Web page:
Showing posts from March, 2010

Off to Batam

I'll be leaving for Batam tomorrow for a three days visit. So hopefully it's going to be a worthwhile trip though I don't expect Batam to be as colourful and vibrant as Jogjakarta or Bali. In case you don't where the heck Batam Island is; it is situated to the south of Singapore about 20km away. History has it that Hang Nadim, the boy of great wisdom of the classic "Singapura Dilanggar Todak" fame had once set foot on the island of Batam, hence the reason why the international airport in Batam (Hang Nadim International Airport) is named after him. Off.

An Evening with the Prime Minister

1Malaysia hi-tea with PM Najib's Facebook friends at the his official residence, Seri Perdana 1Malaysia kuih-muih On the 9 of March, unexpectedly I received an email (below) from the Prime Minister inviting me to his tea party at the prime minister's official residence, Seri Perdana, Putrajaya! Of course, I wouldn't expect the PM himself to email me. Email aside, Najib confessed during the hi-tea that most of the time he would personally update his Facebook and Twitter himself, and only on certain occasions he would get his staff to do the postings on his behalf. Najib should perhaps give some advice to his Information Minister, Rais Yatim about Facebook or Twitter. Rais's recent statement on Facebook shows how ignorant and out of touch he is with the Internet and the "social media culture". And this is the man who is supposed to be in charge of the Internet and broadband. Should Najib plans to have a cabinet reshuffle, I would urge him to place Rais s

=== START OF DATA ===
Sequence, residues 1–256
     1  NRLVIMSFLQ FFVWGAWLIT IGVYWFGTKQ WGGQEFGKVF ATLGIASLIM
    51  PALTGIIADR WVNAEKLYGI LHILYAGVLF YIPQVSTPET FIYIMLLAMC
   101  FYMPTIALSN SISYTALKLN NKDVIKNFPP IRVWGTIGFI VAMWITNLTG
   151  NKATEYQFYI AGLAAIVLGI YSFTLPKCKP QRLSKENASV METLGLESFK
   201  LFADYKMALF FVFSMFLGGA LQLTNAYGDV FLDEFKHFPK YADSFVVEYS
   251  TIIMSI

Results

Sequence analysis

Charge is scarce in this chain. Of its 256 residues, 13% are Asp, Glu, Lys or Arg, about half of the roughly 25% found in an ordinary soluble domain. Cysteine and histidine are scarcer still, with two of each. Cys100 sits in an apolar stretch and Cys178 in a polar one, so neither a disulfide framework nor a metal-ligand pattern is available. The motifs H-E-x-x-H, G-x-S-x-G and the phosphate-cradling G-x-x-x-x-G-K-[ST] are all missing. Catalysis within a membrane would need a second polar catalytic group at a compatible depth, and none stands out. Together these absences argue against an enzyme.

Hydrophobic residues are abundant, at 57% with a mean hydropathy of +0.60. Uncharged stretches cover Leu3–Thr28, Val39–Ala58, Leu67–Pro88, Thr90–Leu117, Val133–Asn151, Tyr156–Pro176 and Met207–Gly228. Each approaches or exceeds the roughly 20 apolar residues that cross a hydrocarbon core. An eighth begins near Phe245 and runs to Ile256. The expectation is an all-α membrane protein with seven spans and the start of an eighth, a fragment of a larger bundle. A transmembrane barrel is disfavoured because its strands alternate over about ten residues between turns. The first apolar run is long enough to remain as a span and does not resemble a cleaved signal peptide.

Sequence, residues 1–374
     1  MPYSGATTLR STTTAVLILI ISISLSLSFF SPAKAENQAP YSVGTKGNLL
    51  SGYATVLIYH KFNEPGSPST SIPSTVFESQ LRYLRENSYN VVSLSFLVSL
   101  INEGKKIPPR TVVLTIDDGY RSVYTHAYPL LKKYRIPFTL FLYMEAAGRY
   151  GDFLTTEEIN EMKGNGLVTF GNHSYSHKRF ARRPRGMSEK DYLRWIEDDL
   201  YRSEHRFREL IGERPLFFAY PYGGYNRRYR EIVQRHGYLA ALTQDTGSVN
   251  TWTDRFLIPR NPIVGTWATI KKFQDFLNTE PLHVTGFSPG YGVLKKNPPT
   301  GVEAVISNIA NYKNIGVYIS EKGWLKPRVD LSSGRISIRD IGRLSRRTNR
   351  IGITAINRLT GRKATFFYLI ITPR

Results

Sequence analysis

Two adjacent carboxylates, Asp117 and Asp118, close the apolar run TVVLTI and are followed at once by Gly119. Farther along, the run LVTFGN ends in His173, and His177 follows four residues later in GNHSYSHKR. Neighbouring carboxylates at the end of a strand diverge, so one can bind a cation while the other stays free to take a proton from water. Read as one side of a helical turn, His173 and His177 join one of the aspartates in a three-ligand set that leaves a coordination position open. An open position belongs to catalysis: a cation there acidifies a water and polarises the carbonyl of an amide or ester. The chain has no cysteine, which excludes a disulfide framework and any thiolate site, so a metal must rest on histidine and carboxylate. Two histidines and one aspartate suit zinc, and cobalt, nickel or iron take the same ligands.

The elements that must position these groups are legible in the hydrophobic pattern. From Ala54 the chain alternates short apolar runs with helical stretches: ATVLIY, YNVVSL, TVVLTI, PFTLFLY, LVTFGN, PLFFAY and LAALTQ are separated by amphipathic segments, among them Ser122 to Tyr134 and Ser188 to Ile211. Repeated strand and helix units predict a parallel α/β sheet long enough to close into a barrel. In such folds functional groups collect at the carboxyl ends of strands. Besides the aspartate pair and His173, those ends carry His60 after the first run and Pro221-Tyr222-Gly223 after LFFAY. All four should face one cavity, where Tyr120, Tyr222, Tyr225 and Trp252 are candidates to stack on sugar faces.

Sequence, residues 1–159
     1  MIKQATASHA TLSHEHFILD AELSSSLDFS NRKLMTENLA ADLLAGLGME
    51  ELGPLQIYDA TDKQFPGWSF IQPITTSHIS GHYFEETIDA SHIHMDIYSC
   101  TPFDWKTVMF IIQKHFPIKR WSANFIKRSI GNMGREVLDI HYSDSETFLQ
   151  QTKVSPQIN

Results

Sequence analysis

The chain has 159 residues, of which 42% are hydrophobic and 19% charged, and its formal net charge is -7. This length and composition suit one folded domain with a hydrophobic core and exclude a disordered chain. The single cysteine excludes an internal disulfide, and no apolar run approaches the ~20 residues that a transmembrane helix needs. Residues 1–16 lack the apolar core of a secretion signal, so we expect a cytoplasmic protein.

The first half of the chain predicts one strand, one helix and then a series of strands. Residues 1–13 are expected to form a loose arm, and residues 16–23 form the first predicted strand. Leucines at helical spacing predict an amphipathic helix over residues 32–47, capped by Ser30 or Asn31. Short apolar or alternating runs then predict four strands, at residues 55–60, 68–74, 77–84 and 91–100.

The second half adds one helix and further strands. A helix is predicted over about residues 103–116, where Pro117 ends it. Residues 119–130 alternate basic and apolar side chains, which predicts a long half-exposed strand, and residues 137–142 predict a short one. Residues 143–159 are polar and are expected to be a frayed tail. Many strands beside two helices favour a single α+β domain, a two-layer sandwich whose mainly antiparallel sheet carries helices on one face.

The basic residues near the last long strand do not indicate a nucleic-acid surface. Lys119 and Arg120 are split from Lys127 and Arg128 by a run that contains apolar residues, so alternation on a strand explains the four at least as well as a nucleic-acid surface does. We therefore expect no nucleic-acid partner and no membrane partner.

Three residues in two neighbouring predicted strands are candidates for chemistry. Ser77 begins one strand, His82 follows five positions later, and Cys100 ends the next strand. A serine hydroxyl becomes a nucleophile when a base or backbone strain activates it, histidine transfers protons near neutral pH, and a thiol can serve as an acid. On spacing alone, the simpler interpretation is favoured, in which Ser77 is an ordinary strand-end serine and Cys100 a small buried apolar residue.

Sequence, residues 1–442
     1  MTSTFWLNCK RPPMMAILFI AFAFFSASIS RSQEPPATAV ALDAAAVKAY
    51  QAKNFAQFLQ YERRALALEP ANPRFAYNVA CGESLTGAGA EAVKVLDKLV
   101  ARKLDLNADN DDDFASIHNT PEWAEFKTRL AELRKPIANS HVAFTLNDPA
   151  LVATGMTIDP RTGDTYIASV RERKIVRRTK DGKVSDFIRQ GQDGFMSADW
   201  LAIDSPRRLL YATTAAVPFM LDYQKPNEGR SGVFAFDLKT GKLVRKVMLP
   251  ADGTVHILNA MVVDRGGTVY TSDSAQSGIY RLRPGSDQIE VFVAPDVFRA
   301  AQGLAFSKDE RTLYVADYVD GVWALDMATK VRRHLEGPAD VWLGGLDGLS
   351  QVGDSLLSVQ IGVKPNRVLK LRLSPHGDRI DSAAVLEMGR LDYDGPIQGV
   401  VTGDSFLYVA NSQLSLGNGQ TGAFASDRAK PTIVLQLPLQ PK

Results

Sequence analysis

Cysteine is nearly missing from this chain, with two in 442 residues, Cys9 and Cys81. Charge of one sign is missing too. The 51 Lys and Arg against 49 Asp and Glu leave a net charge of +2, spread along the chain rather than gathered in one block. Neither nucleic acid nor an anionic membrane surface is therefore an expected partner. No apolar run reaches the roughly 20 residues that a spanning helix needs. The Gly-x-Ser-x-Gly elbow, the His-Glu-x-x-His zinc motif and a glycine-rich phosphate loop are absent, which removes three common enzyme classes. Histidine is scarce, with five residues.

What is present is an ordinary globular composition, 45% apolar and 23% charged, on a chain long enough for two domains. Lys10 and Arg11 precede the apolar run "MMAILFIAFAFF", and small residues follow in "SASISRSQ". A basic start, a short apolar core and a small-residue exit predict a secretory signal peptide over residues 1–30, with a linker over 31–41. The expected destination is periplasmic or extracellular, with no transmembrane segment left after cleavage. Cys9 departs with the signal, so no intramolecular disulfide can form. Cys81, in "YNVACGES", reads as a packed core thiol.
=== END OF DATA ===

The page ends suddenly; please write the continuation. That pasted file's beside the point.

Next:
Four in five believe internet access is a fundamental right

Four in five people around the world believe that web access is a fundamental human right, according to a new survey. The poll, which collated the answers from more than 27,000 people across 26 countries and was conducted on behalf of the BBC World Service, found that 87 per cent of interne t users felt that web access should be a basic right. More than 70 per cent of non-users felt they should have access to the net. In Japan, Mexico and Russia, nearly 75 per cent of respondents said they could not cope without their internet connection. Ninety per cent of those polled in Turkey believed web access was a fundamental human right, making it the strongest supporter of the widely held sentiment. "The right to communicate cannot be ignored," Dr Hamadoun Toure, secretary-general of the International Telecommunication Union (ITU), told BBC News. "The internet is the most powerful potential source of enlightenment ever created." He said that governments must "re